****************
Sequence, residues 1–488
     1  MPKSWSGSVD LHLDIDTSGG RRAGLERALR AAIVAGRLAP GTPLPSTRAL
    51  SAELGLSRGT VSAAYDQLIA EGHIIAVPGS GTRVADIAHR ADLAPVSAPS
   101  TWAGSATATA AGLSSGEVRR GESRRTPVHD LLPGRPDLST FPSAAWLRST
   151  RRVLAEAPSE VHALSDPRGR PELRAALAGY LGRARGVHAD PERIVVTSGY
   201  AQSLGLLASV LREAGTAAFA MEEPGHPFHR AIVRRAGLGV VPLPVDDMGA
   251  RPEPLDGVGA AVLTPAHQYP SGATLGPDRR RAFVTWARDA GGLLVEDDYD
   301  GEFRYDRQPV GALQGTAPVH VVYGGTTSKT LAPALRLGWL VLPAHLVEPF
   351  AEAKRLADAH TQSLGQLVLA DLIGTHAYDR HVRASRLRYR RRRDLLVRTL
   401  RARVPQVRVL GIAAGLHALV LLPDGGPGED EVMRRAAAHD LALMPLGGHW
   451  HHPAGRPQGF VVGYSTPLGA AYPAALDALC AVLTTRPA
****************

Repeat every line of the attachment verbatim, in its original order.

Sequence, residues 1–488
     1  MPKSWSGSVD LHLDIDTSGG RRAGLERALR AAIVAGRLAP GTPLPSTRAL
    51  SAELGLSRGT VSAAYDQLIA EGHIIAVPGS GTRVADIAHR ADLAPVSAPS
   101  TWAGSATATA AGLSSGEVRR GESRRTPVHD LLPGRPDLST FPSAAWLRST
   151  RRVLAEAPSE VHALSDPRGR PELRAALAGY LGRARGVHAD PERIVVTSGY
   201  AQSLGLLASV LREAGTAAFA MEEPGHPFHR AIVRRAGLGV VPLPVDDMGA
   251  RPEPLDGVGA AVLTPAHQYP SGATLGPDRR RAFVTWARDA GGLLVEDDYD
   301  GEFRYDRQPV GALQGTAPVH VVYGGTTSKT LAPALRLGWL VLPAHLVEPF
   351  AEAKRLADAH TQSLGQLVLA DLIGTHAYDR HVRASRLRYR RRRDLLVRTL
   401  RARVPQVRVL GIAAGLHALV LLPDGGPGED EVMRRAAAHD LALMPLGGHW
   451  HHPAGRPQGF VVGYSTPLGA AYPAALDALC AVLTTRPA